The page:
Now most existing IR theories are either only built on appetites—as liberalism and Marxism—or fear. And for the Greeks fear is not a human drive but a powerful emotion which can become a motive. And when reason loses control over either appetite or spirit, people begin to worry about their own ability to satisfy their appetites, their spirit, or even protect themselves physically. That's when fear becomes a powerful motive. Realism is of course the paradigm developed around fear. I differ in that my theory recognizes multiple motives, that are active to varying degrees at different times. They don't blend the way a solution does in chemistry, but they retain their own characteristics, even if jumbled together. So my theory expects to see quite diverse and often conflicting behavior, whereas other theories only pay attention to state behavior that seems to support their theory, and feel the need to explain away other behavior inconsistent with their theory. I revel in these variations. Second, I vary in describing what derives from these motives as (Weberian) ideal types—which means, something you don't encounter in the real world, but rather, an abstraction, a fictional or analytical description, that helps to make sense of the real world but never maps onto it exactly. So, a fear-based world gives you a very nice description of a foundation of anarchy. But of course this is an ideal-type world. Fear is only one motive. You have go to a place where civil order has broken down, like Somalia or the trenches in WWII, to see fear-based models compete.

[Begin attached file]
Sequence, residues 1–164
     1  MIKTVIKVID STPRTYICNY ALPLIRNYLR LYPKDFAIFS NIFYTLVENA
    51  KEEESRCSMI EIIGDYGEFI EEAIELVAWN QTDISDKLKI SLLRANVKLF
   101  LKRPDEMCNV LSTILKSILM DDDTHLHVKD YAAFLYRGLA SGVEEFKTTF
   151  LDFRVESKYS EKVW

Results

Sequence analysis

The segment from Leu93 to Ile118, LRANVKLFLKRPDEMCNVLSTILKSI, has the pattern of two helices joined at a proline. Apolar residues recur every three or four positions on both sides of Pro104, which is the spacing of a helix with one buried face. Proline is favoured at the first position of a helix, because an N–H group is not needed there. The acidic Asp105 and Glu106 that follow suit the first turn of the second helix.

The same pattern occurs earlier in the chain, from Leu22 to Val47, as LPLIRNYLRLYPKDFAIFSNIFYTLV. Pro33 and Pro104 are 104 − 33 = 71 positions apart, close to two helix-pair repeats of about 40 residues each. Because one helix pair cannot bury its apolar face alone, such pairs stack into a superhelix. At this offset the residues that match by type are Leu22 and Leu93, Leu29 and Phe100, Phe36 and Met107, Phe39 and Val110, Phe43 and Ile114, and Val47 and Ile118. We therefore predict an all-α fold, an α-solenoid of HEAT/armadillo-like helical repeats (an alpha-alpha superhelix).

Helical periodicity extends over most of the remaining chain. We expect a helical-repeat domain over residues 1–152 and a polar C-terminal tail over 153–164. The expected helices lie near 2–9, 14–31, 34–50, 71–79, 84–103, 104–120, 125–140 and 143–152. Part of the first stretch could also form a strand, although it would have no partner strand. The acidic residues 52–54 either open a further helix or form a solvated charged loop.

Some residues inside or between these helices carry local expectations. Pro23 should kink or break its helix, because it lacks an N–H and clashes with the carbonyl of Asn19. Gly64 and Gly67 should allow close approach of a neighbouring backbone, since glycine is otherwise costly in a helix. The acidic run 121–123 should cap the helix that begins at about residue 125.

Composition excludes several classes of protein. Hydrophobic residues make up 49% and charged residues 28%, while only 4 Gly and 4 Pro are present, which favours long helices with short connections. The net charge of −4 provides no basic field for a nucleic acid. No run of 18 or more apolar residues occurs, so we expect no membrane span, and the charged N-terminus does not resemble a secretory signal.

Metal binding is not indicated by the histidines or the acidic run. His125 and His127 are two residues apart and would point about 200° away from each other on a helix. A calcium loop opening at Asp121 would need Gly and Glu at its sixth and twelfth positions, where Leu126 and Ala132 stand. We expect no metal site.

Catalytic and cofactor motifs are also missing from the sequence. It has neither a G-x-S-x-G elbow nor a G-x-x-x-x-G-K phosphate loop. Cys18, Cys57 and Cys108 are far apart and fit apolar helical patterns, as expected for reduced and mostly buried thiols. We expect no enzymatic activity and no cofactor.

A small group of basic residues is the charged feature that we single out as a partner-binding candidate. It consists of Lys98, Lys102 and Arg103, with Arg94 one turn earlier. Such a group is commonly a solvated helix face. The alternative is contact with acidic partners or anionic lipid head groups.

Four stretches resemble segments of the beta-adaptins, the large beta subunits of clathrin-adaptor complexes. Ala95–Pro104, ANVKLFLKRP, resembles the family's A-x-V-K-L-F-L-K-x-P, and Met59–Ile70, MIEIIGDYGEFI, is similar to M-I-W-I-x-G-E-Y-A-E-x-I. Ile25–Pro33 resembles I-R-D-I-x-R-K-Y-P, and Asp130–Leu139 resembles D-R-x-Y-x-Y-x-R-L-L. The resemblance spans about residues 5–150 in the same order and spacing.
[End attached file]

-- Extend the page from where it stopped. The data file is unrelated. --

Starting from these three motives and the emotion of fear, I argue that each of these generates a very different logic of cooperation, conflict and risk-taking; and each is associated with a different kind of hierarchy. And all of them except fear rely on a different principle of justice. Just to give an example: for actors—whether individuals or states—driven by self-esteem, they tend to be risk prone (because honor has to be won by successfully overcoming ordeals and challenges); it leads to a conflictual logic because you are competing with others for honor; and it can be rule-based (although the rules can brake down and move into fear); and the principle is one of fairness, in contrast to interest or appetite which has a principle of equality. The hierarchy is one of clientelism, where people honor those at the top, which, in return, provides practical benefits for those on the bottom. The Greeks called this hegemonia; the Chinese had a similar system.
But because any actual system is not an ideal type, we have to figure out what that mixture is and we can begin to understand foreign policies. And I try to give numerous examples in the book. And the big turning point, I argue, is modernity, where it becomes more difficult to untangle the motives and their discourses. Because in modernity both Rousseau and Adam Smith try to understand why we want material things, so the two become connected. You could argue that even in Egyptian times they were connected, in the pyramids, which are nothing if not erections of self-esteem. But it becomes more difficult and so, rather than saying, using literary texts, artistic works and political speeches as a way of determining the relationship, I approached the problem differently with the examples of the World Wars, the Cold War, and the Anglo-American Invasion of Iraq. I said let’s run a test of seeing how carefully we can explain the origins and the dynamics of these conflicts on the basis of interest, on the basis of fear, on the basis of self-esteem. And I think that’s methodologically defensible.